WEDNESDAY, Sept. 16, 2015 (HealthDay News) -- A small and preliminary study suggests that caffeine does more than serve as an eye-opener: When consumed a few hours before bed, the most widely consumed psychoactive drug in the world seems to disrupt the body's internal clock.
And this could cause jet lag-style sluggishness during daylight hours, the study authors suggest.
The research doesn't say anything about how coffee consumption in the morning or throughout the day may affect the body's internal clock. And the findings need to be confirmed.
Still, it seems likely that coffee at night "isn't just keeping you awake," said study co-author and sleep researcher Kenneth Wright Jr., a professor with the Department of Integrative Physiology at the University of Colorado at Boulder. "It's also pushing your [internal] clock later so you want to go to sleep later."
At issue: The body's circadian clock, which sets biological rhythms such as sleep/wake cycles. Every cell in the human body has a clock, Wright said.
The new study aims to understand how caffeine may affect the body clock. Other research has suggested that caffeine disrupts body clocks in other organisms and species such as algae, fruit flies and perhaps mice, he said.
Wright and his colleagues examined five people who were studied over 49 days. Three hours before their regular bedtime, they were assigned to consume a capsule of caffeine equal to a double espresso -- with the amount adjusted to their body size -- or a placebo capsule. They were also exposed to either bright or dim light. Bright light can reset the body clock and make people want to go to bed later.
The researchers found that the caffeine appeared to delay the body clocks of the study participants by 40 minutes, about half the delay linked to exposure to bright light.
The amount of caffeine was small, the equivalent of about a double espresso or medium cup of coffee for most people, Wright said. "We're not talking about a lot of caffeine here."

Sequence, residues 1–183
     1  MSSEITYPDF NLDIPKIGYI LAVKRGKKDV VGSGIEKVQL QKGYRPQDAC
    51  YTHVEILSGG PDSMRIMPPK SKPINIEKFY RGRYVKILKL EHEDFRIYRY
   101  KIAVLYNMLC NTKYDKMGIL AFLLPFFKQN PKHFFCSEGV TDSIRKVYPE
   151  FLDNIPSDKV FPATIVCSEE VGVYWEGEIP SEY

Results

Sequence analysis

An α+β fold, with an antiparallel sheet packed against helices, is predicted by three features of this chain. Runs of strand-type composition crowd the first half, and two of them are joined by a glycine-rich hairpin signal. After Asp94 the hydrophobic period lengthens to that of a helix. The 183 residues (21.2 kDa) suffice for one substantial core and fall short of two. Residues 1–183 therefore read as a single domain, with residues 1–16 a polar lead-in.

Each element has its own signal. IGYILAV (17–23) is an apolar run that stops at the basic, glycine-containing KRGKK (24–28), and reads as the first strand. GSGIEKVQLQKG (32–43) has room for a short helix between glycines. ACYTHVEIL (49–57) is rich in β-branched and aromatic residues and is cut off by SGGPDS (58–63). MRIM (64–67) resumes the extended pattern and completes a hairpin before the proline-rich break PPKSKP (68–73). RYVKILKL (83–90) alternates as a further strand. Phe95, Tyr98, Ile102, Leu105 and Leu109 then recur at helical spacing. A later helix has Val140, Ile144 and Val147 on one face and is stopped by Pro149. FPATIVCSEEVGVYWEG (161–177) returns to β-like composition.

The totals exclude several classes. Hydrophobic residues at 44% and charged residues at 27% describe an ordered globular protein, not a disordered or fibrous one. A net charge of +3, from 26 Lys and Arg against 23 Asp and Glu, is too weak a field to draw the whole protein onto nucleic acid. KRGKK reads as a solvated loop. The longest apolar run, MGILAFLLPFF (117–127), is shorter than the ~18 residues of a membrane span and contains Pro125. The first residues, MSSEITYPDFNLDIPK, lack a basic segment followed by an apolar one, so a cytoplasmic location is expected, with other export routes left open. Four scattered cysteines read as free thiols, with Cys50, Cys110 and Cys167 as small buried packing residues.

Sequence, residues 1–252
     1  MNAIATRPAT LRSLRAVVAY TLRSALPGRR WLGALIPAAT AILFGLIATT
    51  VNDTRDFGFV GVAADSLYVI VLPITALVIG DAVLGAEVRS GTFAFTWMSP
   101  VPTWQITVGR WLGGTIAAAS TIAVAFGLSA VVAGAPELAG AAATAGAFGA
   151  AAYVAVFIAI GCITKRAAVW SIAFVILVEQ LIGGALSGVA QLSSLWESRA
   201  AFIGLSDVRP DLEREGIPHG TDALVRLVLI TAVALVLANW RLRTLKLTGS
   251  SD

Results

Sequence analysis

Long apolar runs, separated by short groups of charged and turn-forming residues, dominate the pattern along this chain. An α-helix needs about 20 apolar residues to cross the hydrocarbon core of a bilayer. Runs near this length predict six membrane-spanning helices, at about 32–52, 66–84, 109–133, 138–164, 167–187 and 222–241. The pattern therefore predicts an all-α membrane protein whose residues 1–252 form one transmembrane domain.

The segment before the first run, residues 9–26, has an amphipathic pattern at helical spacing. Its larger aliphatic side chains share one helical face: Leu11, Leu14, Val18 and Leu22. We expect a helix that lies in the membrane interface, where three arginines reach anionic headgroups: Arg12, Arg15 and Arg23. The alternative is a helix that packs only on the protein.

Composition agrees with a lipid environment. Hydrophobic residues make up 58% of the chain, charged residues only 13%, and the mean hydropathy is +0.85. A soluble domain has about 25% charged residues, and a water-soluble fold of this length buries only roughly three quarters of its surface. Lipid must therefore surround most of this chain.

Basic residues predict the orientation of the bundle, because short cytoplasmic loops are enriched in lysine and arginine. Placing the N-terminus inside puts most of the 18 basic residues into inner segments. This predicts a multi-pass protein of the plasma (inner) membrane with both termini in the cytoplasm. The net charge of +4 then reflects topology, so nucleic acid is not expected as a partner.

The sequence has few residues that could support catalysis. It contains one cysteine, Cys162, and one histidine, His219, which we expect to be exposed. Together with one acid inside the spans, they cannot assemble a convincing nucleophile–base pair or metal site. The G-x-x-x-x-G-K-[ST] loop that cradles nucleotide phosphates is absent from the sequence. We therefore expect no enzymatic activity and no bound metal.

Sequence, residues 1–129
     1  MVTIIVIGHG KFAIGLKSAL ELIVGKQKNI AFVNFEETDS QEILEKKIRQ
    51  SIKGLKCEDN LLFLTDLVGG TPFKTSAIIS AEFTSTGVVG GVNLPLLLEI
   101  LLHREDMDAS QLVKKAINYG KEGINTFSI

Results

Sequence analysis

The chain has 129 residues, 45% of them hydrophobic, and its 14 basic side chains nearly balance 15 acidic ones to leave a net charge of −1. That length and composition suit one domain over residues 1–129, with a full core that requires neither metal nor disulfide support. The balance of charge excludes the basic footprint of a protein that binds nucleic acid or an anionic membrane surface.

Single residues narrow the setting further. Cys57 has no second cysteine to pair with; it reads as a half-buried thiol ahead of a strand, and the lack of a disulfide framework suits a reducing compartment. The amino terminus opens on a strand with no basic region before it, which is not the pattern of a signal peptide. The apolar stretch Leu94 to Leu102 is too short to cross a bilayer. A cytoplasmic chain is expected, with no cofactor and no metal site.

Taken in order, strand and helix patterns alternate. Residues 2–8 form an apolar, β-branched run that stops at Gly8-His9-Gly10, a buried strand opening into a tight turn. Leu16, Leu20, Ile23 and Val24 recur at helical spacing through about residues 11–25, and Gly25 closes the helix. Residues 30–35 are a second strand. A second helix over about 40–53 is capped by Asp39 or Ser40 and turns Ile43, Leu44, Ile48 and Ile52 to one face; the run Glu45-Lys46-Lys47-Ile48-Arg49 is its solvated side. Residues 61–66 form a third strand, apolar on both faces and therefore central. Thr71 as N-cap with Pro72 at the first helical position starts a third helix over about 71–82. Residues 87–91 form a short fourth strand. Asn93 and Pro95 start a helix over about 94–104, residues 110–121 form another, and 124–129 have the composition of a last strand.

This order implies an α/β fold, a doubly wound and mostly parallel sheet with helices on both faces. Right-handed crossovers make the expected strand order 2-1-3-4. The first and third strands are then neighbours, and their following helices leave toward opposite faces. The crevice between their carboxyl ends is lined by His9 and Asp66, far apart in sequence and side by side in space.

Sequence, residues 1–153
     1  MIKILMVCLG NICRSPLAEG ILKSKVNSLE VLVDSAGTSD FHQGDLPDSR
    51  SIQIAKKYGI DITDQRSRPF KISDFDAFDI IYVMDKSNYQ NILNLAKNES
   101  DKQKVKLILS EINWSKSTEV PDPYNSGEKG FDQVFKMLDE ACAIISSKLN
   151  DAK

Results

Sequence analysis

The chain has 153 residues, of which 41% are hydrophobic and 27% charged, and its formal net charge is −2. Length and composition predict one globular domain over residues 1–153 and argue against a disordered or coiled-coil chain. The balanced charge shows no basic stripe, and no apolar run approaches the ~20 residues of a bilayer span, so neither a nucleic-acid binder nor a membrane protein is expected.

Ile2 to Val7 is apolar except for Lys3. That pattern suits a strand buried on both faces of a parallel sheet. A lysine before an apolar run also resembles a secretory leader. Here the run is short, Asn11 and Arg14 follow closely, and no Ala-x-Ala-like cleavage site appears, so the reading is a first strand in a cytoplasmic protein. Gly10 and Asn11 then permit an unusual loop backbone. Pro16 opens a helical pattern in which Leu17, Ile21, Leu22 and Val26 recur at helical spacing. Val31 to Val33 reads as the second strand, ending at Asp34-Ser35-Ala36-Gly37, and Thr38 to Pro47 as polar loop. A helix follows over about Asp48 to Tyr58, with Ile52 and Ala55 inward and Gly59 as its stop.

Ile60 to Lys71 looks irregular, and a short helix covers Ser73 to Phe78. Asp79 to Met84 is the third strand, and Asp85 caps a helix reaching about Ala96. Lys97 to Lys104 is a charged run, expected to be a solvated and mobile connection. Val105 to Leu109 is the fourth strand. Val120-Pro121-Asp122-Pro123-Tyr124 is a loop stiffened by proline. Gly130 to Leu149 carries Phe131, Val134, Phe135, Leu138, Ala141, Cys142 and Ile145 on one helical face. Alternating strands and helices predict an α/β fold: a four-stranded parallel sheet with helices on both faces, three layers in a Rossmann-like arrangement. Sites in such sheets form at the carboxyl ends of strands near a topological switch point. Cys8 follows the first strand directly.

The study suggests that caffeine affects signaling within cells, disrupting a "core component" of the cellular circadian clock.
Sleep researcher Jamie Zeitzer, an assistant professor of psychiatry and behavioral sciences at Stanford University, praised the study, noting that it suggests caffeine has an effect beyond making people feel more alert by reducing or masking the need for sleep.
But, he added, the number of participants in the study was very small, making it hard to apply the findings to people in general. And the effect of caffeine itself seems to add little to the effects of bright light therapy, which may limit "this as a typical countermeasure for jet lag or shift work," he said.
If the new study findings can be confirmed, what do they mean for people who get caffeine through coffee and other drinks and foods? The research seems to confirm what coffee fans already know: Don't down a cup of joe when it's late if you want to avoid feeling sluggish the next day due to lack of sleep.
"Removing coffee from your diet or just having it in the morning might help you achieve earlier bedtimes and wake times," Wright said.
But caffeine before bed isn't necessarily a bad thing for everyone, he said, since people's sleep cycles vary. And, Wright added, the research raises the prospect of a medical advance: It's possible that caffeine could be used to treat jet lag since it seems to have the power to adjust body clocks.
Zeitzer, the Stanford researcher, cautioned that using caffeine to combat jet lag "would need to be done judiciously and only in those people in whom caffeine does not have a negative impact on sleep."
The study appears in the Sept. 16 issue of Science Translational Medicine.
For more about caffeine and sleep, visit the National Sleep Foundation.